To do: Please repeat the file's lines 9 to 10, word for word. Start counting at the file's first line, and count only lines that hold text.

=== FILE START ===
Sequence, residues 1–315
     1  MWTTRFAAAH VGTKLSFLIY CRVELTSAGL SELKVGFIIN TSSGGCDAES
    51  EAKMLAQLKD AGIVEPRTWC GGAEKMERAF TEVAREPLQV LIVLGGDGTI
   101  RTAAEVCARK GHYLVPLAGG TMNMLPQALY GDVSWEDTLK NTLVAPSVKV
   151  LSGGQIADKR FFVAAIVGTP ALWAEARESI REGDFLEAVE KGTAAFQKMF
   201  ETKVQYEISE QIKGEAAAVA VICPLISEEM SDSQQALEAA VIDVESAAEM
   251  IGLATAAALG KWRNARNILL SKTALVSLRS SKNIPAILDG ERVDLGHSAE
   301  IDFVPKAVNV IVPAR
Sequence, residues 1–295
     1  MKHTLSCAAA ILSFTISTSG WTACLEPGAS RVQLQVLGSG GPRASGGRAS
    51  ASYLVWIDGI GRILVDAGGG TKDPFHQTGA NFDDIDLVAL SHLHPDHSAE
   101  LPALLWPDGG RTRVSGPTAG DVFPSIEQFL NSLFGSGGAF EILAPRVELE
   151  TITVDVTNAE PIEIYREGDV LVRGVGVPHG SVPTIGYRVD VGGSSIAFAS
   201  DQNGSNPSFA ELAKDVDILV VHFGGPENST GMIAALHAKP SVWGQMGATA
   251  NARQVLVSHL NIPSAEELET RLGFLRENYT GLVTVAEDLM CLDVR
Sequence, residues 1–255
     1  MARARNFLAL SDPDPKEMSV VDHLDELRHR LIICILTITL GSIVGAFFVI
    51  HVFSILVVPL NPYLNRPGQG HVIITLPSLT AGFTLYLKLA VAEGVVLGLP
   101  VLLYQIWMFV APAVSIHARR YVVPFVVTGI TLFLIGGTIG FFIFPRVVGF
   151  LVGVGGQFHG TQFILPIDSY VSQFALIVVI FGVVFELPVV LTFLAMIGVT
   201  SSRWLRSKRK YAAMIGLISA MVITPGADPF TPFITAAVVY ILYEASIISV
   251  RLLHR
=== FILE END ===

Sequence, residues 1–295
     1  MKHTLSCAAA ILSFTISTSG WTACLEPGAS RVQLQVLGSG GPRASGGRAS